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Old 01-20-2007, 10:40 AM   #11
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Buckytom, rasmalai are pretty much all cheese, inside and out. Because they are deep fried, jamuns usually have a lighter, airier exterior and a slightly dense center. I'm thinking you had the jamuns. If they were white/looked like formed cottage cheese, they were rasmalai, if they were golden brown, they were jamuns.

Although I've probably been to more than 100 Indian restaurants in New Jersey, Manhattan and London, I've never eaten in Lodi. I think the closest restaurant to Lodi that I've been to is Jyoti in Wayne (rt. 46). Jyoti, btw, has one of the best Chicken Tikka Masalas anywhere.

When you first mentioned Raja Palace, I looked it up on the map. Lodi would be a bit of trek for me. I was thinking that if I were going to travel that far, I'd probably go to Edison instead (Edison has some amazing places that I'm dying to try), but... just now I took another look at the website and I have to admit that I'm intrigued. VERY intrigued. Have they been open long? It looks like they serve alcohol. Is that correct? Is that a TV I see in the corner?

The wed/thur dinner buffet with '25 dishes' for 10.95 looks amazing. Have you been? I'm sure most of the dishes are sides/condiments, but still, that sounds like quite a spread.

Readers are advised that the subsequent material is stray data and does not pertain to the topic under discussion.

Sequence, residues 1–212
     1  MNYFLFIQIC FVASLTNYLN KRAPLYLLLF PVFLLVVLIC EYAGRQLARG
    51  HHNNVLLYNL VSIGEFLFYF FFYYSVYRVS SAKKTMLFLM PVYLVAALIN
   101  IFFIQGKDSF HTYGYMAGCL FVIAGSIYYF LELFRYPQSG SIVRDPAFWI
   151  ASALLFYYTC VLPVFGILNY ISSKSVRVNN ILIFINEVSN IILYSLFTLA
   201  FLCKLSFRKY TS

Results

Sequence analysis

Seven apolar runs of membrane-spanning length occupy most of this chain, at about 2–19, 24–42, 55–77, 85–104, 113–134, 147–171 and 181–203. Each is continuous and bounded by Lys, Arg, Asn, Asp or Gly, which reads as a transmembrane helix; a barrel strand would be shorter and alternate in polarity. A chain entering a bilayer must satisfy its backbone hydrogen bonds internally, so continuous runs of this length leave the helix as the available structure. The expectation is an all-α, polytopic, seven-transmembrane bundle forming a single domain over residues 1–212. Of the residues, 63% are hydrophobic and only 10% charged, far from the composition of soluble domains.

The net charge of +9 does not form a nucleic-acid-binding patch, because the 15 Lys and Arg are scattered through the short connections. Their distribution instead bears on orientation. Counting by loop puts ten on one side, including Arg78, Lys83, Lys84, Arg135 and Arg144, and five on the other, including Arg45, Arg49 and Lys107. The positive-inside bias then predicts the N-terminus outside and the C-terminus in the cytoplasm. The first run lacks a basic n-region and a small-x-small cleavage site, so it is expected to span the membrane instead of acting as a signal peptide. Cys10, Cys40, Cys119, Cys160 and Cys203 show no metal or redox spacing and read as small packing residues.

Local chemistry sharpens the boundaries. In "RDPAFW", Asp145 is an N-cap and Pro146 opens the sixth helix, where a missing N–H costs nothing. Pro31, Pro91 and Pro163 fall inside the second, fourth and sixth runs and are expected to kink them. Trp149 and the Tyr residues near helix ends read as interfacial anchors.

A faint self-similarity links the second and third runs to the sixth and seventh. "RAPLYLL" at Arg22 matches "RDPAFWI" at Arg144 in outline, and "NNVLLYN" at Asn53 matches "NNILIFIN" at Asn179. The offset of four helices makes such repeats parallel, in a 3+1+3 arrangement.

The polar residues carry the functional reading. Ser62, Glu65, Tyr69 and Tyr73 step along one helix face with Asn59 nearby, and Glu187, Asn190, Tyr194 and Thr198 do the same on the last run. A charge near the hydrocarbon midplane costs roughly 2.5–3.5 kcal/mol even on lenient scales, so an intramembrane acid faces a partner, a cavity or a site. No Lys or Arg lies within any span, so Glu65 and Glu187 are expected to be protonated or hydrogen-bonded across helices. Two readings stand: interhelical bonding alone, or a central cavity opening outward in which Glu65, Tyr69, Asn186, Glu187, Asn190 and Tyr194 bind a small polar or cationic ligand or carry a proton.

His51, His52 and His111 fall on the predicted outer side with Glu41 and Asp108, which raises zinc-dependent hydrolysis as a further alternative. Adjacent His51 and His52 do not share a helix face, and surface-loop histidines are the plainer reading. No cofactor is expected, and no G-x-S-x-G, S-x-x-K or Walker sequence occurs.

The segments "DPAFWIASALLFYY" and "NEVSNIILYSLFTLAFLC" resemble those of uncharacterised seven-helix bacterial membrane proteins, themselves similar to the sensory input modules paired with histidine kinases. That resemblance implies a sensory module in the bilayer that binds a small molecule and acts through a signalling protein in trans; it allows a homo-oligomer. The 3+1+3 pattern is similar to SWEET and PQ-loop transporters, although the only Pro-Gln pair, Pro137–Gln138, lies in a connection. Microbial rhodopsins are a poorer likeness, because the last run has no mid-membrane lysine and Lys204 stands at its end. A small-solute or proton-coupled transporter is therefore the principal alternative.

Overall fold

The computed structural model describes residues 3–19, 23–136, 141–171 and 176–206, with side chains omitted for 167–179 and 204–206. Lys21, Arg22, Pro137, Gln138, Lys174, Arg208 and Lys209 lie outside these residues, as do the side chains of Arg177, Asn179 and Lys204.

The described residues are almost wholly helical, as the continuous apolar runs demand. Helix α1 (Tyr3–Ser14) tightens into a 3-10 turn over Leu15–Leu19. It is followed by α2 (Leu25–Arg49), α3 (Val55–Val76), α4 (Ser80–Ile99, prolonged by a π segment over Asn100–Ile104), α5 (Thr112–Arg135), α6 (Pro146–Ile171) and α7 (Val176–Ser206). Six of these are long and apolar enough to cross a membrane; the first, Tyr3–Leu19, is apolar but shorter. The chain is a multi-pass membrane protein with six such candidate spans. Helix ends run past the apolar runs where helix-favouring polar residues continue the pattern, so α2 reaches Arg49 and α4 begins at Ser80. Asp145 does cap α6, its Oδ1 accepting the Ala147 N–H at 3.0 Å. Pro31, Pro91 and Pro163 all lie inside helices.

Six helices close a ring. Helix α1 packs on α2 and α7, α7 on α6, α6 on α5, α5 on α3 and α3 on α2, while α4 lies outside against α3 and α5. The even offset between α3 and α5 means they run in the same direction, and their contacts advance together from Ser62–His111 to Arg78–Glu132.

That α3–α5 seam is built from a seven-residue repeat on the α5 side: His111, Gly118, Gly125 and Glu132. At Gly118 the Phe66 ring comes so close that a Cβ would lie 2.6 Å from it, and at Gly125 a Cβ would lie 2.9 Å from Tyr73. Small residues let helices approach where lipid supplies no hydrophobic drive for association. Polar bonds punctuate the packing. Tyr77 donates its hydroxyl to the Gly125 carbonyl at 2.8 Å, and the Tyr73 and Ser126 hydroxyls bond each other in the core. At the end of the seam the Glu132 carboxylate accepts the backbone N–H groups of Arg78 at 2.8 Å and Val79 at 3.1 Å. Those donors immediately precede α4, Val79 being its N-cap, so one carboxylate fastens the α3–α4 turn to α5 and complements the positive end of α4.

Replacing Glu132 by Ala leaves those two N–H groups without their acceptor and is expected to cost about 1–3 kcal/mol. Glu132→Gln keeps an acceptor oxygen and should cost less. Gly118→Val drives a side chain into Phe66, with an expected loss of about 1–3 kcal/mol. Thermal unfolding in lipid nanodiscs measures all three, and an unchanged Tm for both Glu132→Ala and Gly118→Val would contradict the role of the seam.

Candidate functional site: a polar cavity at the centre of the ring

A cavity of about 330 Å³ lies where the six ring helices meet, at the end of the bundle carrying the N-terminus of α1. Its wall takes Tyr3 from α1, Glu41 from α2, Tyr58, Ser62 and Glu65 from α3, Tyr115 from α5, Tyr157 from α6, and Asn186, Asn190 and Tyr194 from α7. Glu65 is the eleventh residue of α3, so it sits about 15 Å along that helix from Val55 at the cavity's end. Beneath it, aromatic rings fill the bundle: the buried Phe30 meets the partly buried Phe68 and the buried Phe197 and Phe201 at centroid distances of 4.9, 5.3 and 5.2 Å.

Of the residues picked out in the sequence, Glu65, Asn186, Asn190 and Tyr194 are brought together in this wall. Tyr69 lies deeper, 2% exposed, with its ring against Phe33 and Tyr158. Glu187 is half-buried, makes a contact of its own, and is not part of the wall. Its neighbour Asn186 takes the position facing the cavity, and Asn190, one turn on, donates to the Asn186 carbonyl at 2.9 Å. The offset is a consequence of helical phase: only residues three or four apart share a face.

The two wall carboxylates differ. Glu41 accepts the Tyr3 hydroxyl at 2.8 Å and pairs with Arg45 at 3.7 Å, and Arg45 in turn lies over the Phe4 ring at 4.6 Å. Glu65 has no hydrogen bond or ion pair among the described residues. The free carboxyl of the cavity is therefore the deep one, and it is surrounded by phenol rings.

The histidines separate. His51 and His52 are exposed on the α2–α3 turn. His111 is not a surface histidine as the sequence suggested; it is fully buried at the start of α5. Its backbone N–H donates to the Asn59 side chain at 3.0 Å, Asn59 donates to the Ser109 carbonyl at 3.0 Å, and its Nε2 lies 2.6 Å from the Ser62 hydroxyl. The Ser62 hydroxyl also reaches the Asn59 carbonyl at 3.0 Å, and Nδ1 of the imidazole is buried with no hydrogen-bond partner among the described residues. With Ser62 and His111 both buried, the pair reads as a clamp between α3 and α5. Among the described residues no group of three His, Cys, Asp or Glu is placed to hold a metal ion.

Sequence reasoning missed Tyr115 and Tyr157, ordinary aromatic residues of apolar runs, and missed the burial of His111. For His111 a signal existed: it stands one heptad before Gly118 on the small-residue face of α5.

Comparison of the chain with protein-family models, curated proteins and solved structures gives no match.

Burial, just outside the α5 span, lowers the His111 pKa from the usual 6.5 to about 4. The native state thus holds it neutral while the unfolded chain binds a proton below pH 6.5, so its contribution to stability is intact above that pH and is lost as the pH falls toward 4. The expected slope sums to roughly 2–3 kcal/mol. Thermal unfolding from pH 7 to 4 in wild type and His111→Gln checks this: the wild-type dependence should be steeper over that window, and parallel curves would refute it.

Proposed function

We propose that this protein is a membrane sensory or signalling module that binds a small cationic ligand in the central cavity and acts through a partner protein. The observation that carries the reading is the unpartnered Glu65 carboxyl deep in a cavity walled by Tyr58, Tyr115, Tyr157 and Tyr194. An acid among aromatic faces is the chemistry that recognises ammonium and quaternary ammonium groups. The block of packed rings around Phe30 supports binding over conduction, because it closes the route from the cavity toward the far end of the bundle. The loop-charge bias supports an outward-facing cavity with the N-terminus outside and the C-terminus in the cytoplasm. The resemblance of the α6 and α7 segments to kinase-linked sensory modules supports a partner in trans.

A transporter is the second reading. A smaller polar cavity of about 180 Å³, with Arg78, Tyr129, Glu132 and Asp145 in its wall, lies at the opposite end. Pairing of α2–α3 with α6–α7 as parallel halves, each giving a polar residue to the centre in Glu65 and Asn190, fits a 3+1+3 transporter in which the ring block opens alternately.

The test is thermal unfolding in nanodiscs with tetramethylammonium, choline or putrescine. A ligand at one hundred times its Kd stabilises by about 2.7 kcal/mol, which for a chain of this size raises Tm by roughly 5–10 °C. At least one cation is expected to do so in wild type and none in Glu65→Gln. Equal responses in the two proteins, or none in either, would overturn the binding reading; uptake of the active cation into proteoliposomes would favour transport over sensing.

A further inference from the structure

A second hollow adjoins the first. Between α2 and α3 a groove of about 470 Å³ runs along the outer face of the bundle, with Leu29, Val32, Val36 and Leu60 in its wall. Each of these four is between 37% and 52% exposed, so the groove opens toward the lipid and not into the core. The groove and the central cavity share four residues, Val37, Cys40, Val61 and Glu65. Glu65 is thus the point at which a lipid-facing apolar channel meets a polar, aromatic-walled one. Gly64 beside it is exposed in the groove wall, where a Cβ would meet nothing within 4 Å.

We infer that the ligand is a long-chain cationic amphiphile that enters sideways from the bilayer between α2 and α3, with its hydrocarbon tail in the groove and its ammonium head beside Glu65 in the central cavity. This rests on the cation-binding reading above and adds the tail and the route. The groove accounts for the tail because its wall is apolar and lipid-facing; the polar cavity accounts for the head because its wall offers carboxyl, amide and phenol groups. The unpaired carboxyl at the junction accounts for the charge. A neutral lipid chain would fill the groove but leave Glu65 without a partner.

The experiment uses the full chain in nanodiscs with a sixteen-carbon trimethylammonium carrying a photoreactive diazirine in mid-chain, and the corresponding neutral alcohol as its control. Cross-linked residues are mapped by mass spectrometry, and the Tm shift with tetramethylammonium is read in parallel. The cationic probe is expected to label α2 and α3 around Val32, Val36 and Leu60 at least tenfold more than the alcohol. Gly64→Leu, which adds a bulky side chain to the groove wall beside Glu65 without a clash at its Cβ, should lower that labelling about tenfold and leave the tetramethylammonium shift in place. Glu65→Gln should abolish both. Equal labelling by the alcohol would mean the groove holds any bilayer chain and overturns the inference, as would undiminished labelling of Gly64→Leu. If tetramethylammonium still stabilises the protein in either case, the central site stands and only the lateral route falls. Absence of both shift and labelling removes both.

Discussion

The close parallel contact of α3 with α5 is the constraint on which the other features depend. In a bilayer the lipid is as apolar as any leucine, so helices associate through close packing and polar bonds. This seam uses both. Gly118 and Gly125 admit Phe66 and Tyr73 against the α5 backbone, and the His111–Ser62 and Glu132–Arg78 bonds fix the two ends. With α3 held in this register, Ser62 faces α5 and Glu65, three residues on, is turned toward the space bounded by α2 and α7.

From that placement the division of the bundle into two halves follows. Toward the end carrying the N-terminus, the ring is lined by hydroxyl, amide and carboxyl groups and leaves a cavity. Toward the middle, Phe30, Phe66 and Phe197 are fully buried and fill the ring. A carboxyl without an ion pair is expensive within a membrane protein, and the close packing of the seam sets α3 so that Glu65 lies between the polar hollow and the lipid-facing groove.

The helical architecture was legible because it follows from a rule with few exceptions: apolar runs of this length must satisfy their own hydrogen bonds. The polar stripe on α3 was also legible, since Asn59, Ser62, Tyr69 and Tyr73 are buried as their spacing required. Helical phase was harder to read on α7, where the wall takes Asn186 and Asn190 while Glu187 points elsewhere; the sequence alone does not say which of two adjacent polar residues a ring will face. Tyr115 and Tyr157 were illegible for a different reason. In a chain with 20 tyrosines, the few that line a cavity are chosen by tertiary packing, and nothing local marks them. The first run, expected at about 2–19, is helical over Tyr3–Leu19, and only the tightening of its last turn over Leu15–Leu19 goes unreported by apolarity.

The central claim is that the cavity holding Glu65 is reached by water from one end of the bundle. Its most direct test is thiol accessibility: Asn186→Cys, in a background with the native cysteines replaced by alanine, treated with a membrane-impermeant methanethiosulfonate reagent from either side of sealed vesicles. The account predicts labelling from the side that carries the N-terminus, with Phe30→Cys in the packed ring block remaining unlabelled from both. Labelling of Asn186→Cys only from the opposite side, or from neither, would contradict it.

If you haven't been to the buffet, you have to go. Indian restaurant food is all about the buffet. And, if you do go (or already have been) I want a report on the number of meat w/ gravy dishes they have. It's pretty standard to serve one chicken w/ gravy dish and one lamb w/ gravy dish (along with the standard tandoori chicken w/out gravy). If they have more than that, I'm so there.

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Old 01-23-2007, 09:33 AM   #12
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scott, they do serve alcohol. i like to order beers of the particular ethcnicity of the food i'm eating, so i've become a fan of kingfisher and taj mahal beer at raja palace.

they've been open for a few years now, and are just finished renevating the front section of the restaurant which includes a seating area and a small bar. it's not a very big place, and not all that fancy, but the food is very good. they have opened a second restaurant in montclair, called natraj palace, if that's any closer to you.

i haven't been to the buffet, but i do remember seeing that they had 2 or three meat and gravy dishes, a veggie dish, the tandoori foods, and an appetizer dish, rice, and raita with papadum. i was getting takeout of the same things and the waiter had mentioned that it would have been much cheaper to stay and have the buffet. oh well.

if you look at the site for natraj restaurant, they flash up a couple of pictures of the buffet.

thanks for the tip on jyoti. next time we're out on 46 and looking for some food, i'll give it a try. there's another little place in saddle brook called bhoj that we've been wanting to go. i'll post results if we ever do make it there.